Miami FC versus Stumptown Athletic in NISA. | Photo: Miami FC

Dalglish says the move to the USL Championship will help Miami FC further their ties in the community. “The decision to join USL … gives us a stable platform to further expand our academy program and community work, meaning accessible, inclusive and fun family events that bring all of Miami’s soccer community together,” he said.

What makes this turn of events particularly interesting is that it is set against the backdrop of how Miami FC owner Riccardo Silva has positioned the Miami FC since the club’s inception.

Silva has been a leading advocate of opening the system of US Soccer. He founded the club in 2015, along with former AC Milan defender and fellow Italian Paolo Maldini. This came after David Beckham’s initial announcement in February 2014 of his intent to exercise his option to bring an MLS expansion franchise to Miami. At that time, Beckham’s MLS club was only provisional, and initially it was thought the team could begin play in 2016 or maybe 2017 at the latest. However, it would take until January 29, 2018 for Miami Beckham United to even become a confirmed expansion club in MLS. During that interim Silva was able to insert the Miami FC into the market and get them launched for the 2016 NASL season.

Riccardo Silva, right, with Miami FC part owner Paulo Maldini, left, in 2015.

In 2017, Silva made a $4 billion media rights offer to Major League Soccer. That offer was summarily rejected by MLS, though in defence of that position it came at a time that MLS was contractually bound to its existing broadcast rights holders, which made any negotiations impossible without breaching the contracts it had in place. The offer was also conditioned upon MLS agreeing to implement promotion and relegation, something that has been a non-starter for MLS.

Returning to the present, it might seem surprising to some that a club whose owner has been such an advocate of change in the system would join USL, a league that cooperates with MLS, and in fact has clubs that are owned by MLS clubs operating within its very ranks. But USL continues its upward trajectory, gaining new markets and seeing more of its clubs moving to better facilities. The league has established itself as a solid second division league and fertile ground for investors interested in soccer. It has also been exploring a more open system. USL president Jake Edwards has been very open about his aim to add promotion and relegation in the USL between its second-division Championship and third-division League One. While that falls short of the completely open system Silva has been advocating, it would still be a significant step in that direction.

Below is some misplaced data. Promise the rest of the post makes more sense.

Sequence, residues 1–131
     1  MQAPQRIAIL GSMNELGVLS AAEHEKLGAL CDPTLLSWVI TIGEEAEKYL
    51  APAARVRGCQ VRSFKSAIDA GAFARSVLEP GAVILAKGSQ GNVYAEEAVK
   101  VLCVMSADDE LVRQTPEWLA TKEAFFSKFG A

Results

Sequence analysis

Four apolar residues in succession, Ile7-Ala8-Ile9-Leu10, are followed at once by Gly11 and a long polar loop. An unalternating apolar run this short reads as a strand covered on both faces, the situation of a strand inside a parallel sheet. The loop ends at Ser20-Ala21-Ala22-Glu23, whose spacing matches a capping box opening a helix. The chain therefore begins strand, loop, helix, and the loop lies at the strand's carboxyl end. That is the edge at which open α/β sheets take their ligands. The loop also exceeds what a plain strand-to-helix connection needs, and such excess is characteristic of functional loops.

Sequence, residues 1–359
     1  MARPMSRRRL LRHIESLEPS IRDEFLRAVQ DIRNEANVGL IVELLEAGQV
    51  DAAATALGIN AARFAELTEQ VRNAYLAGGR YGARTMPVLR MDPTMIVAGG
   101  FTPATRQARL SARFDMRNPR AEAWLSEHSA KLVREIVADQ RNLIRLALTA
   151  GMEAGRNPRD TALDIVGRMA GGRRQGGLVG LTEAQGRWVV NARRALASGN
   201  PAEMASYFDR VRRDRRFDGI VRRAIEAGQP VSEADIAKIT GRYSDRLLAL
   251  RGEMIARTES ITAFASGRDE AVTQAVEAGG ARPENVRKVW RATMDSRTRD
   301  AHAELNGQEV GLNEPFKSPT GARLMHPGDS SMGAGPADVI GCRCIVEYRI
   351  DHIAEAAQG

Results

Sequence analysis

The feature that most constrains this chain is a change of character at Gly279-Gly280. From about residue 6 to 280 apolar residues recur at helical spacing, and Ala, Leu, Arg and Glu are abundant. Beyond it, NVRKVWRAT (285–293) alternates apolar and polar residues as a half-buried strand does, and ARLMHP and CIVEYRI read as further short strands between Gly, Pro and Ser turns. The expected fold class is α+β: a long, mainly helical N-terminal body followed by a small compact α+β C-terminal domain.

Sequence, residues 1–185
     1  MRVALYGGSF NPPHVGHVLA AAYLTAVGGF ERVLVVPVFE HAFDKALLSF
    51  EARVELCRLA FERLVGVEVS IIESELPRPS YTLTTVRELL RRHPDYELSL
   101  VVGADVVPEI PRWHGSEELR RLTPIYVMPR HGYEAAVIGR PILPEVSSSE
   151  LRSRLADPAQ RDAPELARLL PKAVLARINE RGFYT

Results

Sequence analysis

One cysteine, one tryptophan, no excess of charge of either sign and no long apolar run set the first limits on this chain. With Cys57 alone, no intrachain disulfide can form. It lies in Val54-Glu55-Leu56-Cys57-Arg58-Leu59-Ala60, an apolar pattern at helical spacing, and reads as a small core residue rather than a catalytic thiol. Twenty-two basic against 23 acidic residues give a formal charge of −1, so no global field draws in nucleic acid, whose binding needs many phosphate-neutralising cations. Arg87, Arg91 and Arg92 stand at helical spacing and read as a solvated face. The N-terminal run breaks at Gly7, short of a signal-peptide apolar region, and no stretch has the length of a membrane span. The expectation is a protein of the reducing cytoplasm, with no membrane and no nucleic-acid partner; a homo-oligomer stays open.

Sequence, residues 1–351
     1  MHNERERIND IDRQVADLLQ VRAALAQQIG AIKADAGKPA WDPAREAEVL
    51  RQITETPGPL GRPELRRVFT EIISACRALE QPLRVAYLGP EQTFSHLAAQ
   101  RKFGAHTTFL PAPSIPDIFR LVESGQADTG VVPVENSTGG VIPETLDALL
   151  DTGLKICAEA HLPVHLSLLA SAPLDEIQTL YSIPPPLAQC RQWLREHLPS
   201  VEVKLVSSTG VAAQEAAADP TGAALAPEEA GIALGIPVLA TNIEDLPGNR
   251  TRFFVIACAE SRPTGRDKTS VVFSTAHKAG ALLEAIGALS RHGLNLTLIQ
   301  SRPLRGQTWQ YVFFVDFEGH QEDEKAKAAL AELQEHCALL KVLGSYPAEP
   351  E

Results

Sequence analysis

“We are evaluating what the landscape looks like in all of those divisions over the course of the next few seasons,” Edwards said when interviewed this summer. “But that work is happening now… I’m also well aware of the excitement and the drama, the reward for ambition, and the punishment for apathy.”

Analysing the move to the USL Championship, by all accounts it is a smart business decision for Silva and the Miami FC. While they were advocating for change in the system, the collapse of the NASL left them without a viable second-tier league to play in. The NASL, now defunct, is still the subject of an existing lawsuit in Federal Court, one that it is likely to lose. The Miami FC, along with minor league side Kingston Stockade, also filed a case with the Court of Arbitration for Sport (“CAS”) in Switzerland, requesting that judicial body to rule that the United States Soccer Federation is in violation of Article 9 of FIFA, which requires promotion-relegation to be the method of determining what teams compete at what level within a country’s domestic league stricture. The CAS has yet to make a ruling, but it would be a real shock to see it intervene in the way the petitioners would like, one that would likely lead to more litigation. Finally, without any disrespect to leagues such as the NISA, the road to having the strength to be a real force for chance is a long and difficult one absent forces beyond them also wanting change.

There is also the benefit of national exposure through the USL’s broadcast agreement with ESPN. Last August, the USL announced a new three-year rights agreement with ESPN that features the USL Championship and League One matches through the 2022 season. Under that new agreement, 18 regular-season games from the Championship will air on ESPN2, ESPNEWS, ESPNU or ESPN Deportes annually in addition to the USL Championship Final. All other matches will be streamed live on ESPN+ subscription platform.